What to Do With Form 1099-MISC

This article is written by Jennifer Dunn, Chief of Content at TaxJar.com. Remember, this post is intended for informational purposes only and is not a substitute for tax advice from a reputable accountant.

Taxes are complicated. Which is why we’re thrilled to have our friends over at TaxJar as regular contributors. Each week, they break down the need-to-know tax information for small-business owners.

Today, they explain form 1099-MISC.

It’s that time again. Whether you’re sending one, receiving one, or both, nearly every business owner has form 1099-MISC on the brain this time of year.

Form 1099-MISC is an “informational return.” It’s a way for the IRS to keep track of the money flowing from business owners to contractors around the country. It’s sent when a business owner pays someone else:

  • At least $600 in rents, services (including parts and materials), prizes and awards, other income payments, medical and health care payments, crop insurance proceeds, cash payments for fish (or other aquatic life) purchased from anyone engaged in the trade or business of catching fish, or, generally, the cash paid from a notional principal contract to an individual, partnership, or estate
  • At least $10 in royalties or broker payments in lieu of dividends or tax-exempt interest
  • Any fishing boat proceeds
  • Gross proceeds of $600 or more paid to an attorney during the year
  • Any federal income tax withheld under the backup withholding rules regardless of the amount of the payment. (Source: IRS.gov)

Pay attention to that first bullet point. It’s about to become important to you and your business.

Some small-business owners issue form 1099-MISC, some small-business owners receive form 1099-MISC, and some small business owners do both. As a small-business owner, this is what you need to know — whether you’re on the sending or receiving end of this U.S. tax form.

Who sends form 1099-MISC?

If you own a business and pay a contractor $600 or more in the calendar year, then the IRS requires you to send that contractor a form 1099-MISC.

Here’s what to do, step by step:

  • Use the information from your contractor’s form W-9 to fill out form 1099-MISC. Didn’t collect a W-9 at the time you hired the contractor? No problem. Go ahead and collect it now. And if you have questions, use the General Instructions for Certain Information Returns form over at the IRS website.

  • Make sure this form gets to your contractor by January 31, 2018. The 31st falls on a Saturday this year, but according to the IRS website, the due date hasn’t been extended.

  • Prepare a form 1096 summary of all the 1099s you prepared. Make sure this gets to the IRS by February 28, 2018 if you file by paper or April 2, 2018 if you file electronically.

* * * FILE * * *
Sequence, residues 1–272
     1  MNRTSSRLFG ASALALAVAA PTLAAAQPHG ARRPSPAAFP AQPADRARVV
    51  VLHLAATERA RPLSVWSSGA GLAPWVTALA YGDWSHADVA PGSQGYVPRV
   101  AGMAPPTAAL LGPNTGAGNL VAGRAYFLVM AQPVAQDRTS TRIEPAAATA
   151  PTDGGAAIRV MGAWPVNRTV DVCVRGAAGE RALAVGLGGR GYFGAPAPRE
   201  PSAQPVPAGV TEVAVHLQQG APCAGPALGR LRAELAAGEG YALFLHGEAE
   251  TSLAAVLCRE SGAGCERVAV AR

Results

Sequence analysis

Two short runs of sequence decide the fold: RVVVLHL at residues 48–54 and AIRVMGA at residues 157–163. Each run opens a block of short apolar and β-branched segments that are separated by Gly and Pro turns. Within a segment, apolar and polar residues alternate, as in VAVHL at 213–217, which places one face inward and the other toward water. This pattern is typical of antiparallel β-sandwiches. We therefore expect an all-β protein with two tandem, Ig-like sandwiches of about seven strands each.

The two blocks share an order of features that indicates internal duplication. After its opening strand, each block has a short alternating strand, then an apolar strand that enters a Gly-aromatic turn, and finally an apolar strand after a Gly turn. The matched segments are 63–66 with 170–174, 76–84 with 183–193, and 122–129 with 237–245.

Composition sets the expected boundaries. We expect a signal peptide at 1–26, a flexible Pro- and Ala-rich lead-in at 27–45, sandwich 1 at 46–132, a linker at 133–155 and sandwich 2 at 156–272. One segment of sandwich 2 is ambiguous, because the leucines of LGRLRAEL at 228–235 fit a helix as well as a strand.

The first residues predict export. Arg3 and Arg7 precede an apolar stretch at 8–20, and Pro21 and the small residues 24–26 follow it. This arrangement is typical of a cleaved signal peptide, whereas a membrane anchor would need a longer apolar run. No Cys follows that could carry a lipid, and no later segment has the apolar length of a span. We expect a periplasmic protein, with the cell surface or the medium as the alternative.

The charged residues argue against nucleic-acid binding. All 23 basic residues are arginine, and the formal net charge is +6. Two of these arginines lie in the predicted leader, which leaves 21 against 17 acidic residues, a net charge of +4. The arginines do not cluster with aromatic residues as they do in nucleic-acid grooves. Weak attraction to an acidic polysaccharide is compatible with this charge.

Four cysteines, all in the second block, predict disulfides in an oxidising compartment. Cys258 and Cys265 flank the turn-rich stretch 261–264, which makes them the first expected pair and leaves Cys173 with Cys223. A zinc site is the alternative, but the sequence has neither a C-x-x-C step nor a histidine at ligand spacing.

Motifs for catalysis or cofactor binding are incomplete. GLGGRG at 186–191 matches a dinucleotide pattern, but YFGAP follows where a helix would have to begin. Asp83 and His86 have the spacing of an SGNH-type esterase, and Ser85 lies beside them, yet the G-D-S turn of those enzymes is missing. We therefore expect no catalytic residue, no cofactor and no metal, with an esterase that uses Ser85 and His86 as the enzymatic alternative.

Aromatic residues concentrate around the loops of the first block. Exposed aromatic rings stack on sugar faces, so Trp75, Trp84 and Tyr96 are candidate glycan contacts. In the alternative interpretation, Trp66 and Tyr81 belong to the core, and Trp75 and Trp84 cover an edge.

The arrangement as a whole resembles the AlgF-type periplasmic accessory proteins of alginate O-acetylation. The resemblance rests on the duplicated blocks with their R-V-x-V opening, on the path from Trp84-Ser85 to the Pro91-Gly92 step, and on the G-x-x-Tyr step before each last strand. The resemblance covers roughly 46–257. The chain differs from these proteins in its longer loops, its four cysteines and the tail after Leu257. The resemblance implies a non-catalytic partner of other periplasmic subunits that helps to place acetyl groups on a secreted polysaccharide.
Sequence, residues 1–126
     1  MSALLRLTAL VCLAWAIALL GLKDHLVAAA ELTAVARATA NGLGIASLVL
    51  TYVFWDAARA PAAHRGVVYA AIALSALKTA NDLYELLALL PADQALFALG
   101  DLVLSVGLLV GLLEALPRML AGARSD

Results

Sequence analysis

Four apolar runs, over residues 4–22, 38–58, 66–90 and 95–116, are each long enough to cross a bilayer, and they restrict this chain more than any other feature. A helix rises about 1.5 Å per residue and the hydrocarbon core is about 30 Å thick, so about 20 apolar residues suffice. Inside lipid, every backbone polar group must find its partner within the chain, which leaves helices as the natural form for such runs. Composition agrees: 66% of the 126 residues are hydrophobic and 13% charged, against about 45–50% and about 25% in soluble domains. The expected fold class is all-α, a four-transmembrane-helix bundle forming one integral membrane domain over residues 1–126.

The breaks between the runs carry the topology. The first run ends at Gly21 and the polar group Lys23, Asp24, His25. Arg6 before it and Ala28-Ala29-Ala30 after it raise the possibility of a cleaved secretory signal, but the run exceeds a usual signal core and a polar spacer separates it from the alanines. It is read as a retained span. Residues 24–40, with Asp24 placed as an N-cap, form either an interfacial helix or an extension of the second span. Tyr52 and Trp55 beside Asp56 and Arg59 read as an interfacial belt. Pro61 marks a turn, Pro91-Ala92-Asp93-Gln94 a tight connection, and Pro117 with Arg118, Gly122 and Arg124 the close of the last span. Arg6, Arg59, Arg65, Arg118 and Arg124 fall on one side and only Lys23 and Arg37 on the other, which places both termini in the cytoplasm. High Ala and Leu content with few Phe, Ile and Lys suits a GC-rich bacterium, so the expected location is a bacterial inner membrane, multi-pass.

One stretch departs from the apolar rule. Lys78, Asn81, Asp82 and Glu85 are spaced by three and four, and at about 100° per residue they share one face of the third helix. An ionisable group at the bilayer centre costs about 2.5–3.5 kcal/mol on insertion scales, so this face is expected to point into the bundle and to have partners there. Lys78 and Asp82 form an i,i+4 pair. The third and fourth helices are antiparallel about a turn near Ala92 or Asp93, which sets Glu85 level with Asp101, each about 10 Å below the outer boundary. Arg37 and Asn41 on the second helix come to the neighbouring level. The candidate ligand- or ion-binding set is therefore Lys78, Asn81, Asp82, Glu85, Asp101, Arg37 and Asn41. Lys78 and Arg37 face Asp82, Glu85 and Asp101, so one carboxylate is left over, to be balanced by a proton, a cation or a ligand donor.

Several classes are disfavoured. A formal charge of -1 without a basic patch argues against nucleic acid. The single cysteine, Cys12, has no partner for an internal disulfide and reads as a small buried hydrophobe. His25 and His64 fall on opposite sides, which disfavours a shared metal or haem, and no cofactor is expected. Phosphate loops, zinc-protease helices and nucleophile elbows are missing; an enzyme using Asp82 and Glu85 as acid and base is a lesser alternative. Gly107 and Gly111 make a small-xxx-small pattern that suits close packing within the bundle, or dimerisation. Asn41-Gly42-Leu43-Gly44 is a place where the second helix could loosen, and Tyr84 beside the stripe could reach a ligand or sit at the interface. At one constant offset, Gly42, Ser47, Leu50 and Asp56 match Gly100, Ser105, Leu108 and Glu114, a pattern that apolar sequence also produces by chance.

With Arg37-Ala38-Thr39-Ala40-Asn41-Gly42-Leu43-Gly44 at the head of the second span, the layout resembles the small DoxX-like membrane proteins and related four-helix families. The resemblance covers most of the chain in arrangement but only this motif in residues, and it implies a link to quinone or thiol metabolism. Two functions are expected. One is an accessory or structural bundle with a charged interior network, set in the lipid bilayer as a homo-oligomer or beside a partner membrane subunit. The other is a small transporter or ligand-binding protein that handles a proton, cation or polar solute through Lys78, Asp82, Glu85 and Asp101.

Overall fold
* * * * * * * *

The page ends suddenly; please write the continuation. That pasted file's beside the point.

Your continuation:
Fortunately, you can also automate this process. Square Payroll for Contractors can generate, prepare, and file Form 1099-MISC online for you. And there’s no need to manually send out Form 1099-MISC to contractors since they can download it themselves from their online accounts.

But don’t be late. If you don’t get a form 1099-MISC to the recipient on time, or if you filled out the form incorrectly, you could face fines. You can even be fined if your 1099-MISC forms aren’t machine readable, so don’t fill them out by hand.

Fines for an erroneous or late 1099-MISC are anywhere from $15 to $50 per return, depending on how late you file. If you hired a lot of contractors, this can quickly become a major expense.

With that, you’re all set when it comes to sending 1099s.

Who receives form 1099-MISC?

You may also receive form 1099-MISC. If this is the case, you should see form 1099-MISC show up in your mailbox or inbox by January 31.

It looks a little something like this:

So what do you do with this thing?

First, check form 1099-MISC against your own records. Does this match the income you think you made from that client? It’s very easy for your client to make a calculation error, such as including an invoice twice. The trouble is, the IRS takes this amount as gospel and expects you to pay income tax on the amount reported on your 1099-MISC. So don’t skip this step. If you do find a problem, report it to the company that issued your 1099-MISC. If you report it in time, the client can correct your 1099 before it reports that income to the IRS.

What if you didn’t receive a form 1099-MISC but were expecting one?

This is one situation in business where you can truly say this isn’t your problem. It’s up to the business that hired you to comply with the law. If you want to be a good guy or gal, you might give them a heads up about this obligation, but you aren’t liable for any wrongdoing if you don’t receive a form 1099-MISC when you believe you should have.

And those are the basics. You should be squared away when it comes to form 1099-MISC.

About TaxJar
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